Recently, Microsoft announced $7.6 billion write-off along with the sacking of 7800 employees mostly from the mobile phone unit. Nowadays, sacking is not an alarming signal for any tech company as it is considered as an exercise to cope with changing business environment through reshuffling of management and resources. But then, this is a second large sacking in the reign of Satya Nadella, who is trying to get control over a bumpy ride he is facing since taken the chair. Also, we cannot neglect the ‘write-off’ move. Writing off a whopping $7.6 billion may not be a big deal for the Redmond giant, but, analysts see it in a context of acquiring Nokia business, and link it with the backfire of Windows phones.
Microsoft faces hurdles in Windows phones since launching as it has to keep a balance between performance and price. Let’s check out the position of its rivals in mobile market to understand this: With more than 75 percent share, Android dominates the market, and the reason behind it is a low price for reasonably good performance. On the other hand, Cupertino giant Apple attracts niche customers with the stunning performance of both iPhones and iPads.
For companies like Microsoft, it is tough to come out from the traditional practices that it has implied in making Windows software for PCs and laptops. Today, the mobile platform is the most dynamic platform that deals with users’ ever-changing requirements. There, Microsoft gets failed in giving a strong option for both its competitors. Company’s desperation for acquiring a sizeable chunk in smart devices’ market is visible in two recent steps: Lumia phones with the latest Windows 10 OS, and the company is ready to embrace both Android and iOS apps.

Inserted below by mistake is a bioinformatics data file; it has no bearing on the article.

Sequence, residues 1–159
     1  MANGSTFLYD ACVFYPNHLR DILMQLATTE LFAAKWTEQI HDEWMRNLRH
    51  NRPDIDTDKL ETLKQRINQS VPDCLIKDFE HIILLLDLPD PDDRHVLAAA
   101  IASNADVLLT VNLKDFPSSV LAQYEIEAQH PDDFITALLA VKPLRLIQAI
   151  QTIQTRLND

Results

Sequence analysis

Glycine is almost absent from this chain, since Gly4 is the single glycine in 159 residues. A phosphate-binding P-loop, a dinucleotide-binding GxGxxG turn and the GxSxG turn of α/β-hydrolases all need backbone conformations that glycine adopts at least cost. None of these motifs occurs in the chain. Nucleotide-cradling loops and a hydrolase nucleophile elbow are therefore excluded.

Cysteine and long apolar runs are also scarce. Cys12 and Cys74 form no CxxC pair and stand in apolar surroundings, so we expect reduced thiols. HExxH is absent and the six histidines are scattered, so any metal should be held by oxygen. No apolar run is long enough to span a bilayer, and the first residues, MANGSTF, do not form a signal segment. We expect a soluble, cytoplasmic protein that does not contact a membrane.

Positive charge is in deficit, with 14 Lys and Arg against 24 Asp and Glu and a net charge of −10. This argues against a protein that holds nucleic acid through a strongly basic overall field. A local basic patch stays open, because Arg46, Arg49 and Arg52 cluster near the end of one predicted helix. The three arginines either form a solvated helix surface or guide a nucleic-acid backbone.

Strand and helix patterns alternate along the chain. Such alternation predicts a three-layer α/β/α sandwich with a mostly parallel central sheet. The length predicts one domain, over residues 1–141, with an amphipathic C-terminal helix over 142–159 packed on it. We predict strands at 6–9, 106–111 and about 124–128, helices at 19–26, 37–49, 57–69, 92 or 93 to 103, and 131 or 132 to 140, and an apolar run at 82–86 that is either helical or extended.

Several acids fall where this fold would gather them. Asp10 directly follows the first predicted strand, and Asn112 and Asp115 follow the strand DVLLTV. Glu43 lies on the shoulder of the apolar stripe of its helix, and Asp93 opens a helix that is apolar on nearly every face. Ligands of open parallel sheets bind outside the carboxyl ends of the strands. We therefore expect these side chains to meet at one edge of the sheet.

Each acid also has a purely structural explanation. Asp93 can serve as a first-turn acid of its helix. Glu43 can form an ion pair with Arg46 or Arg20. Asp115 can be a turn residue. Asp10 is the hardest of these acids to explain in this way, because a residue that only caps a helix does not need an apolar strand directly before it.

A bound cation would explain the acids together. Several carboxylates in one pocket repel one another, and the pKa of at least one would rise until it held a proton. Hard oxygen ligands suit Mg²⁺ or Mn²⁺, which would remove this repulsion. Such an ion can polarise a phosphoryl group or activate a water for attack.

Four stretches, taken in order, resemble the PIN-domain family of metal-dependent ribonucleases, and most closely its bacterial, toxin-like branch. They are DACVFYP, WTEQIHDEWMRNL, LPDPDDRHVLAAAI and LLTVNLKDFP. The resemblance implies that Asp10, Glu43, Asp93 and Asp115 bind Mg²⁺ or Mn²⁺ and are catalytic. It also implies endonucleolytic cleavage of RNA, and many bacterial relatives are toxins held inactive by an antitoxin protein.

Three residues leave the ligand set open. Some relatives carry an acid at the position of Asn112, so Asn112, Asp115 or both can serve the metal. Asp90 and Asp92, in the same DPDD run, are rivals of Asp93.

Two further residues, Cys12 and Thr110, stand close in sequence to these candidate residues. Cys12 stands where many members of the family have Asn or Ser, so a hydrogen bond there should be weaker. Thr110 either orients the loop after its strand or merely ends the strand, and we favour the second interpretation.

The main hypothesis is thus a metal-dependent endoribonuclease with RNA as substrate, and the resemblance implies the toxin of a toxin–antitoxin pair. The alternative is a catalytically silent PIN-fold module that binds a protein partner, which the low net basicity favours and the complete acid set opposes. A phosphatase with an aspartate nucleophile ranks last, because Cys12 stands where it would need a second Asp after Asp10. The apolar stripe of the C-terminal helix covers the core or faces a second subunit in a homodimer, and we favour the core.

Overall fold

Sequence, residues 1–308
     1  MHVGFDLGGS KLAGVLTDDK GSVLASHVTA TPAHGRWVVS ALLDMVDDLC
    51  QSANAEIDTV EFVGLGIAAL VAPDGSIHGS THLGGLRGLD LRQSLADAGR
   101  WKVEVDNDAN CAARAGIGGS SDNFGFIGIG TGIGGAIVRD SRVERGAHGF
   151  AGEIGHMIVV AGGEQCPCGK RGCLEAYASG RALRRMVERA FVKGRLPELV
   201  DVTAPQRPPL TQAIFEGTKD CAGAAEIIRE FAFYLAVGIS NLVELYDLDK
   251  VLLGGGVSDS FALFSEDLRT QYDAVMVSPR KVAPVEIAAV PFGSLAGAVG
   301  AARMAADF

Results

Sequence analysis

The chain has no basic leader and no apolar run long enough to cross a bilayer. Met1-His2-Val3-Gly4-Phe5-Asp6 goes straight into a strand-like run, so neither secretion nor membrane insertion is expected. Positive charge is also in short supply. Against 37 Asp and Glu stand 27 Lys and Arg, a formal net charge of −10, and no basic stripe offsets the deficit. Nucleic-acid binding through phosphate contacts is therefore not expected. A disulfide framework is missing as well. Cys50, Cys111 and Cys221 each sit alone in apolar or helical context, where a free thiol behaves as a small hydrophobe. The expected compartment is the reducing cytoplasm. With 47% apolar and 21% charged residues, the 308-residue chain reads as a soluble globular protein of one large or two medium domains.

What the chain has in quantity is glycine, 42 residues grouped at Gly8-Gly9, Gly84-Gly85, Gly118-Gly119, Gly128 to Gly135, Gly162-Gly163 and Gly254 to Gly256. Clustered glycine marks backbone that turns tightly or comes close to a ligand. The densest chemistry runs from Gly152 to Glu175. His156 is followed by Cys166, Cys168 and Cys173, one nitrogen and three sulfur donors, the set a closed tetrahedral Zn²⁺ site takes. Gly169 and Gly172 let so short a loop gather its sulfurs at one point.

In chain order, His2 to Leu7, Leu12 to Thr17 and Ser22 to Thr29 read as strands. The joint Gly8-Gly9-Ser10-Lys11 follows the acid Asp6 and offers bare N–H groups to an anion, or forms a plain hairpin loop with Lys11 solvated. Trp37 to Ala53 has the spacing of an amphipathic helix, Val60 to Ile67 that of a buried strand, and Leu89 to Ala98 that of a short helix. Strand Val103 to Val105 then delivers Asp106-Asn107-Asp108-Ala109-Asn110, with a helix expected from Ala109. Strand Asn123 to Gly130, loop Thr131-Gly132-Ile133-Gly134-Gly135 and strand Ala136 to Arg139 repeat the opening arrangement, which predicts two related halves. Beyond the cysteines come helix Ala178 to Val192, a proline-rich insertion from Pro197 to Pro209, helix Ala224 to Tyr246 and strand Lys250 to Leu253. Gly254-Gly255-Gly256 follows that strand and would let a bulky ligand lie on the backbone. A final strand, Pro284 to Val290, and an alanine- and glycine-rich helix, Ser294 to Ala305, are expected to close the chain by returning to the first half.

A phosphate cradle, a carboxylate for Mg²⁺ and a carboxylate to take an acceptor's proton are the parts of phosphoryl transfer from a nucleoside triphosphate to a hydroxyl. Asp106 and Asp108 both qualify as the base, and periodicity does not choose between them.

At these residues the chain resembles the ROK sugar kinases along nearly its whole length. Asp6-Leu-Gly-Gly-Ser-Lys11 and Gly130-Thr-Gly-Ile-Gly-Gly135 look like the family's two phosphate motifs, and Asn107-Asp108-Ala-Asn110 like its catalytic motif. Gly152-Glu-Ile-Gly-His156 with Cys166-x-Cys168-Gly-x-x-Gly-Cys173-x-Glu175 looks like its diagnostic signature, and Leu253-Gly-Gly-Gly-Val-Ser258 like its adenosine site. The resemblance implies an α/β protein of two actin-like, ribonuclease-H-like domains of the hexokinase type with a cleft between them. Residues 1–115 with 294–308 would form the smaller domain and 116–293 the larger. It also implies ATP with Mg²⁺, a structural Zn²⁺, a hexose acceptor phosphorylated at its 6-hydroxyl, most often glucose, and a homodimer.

Nokia acquisition- Redmond giant still pays the price
Acquisition of Nokia’s mobile hardware and device services was an ambitious move from Microsoft. Today, it seems that the Redmond Company still pays its price. Big write-off and sacking indicate the intention of closing the mobile business, but, at this point, it is early to conclude anything. However, company’s intentions are vague; we can assume that the company may opt for either of the following moves:
- Continue Lumia phone’s production at least for two years for observing its impact on mobile market
- After making core businesses more profitable, shift the focus on making smartphones
- May change the OS (most likely Android) for launching budget phones in Asian countries
- Completely halt the process of making smartphones (It is less likely though.)
- After covering the loss of mobile business unit, again re-enter the market from scratch
In a way, many doors are open. For a company like Microsoft, it is hard to believe that it can kill any business at the initial level. We can certainly hope for a comeback of the tech giant with a bang in the field of smart devices. But then, it may not come with Windows OS in them. Let us hope to hail its advanced phones again!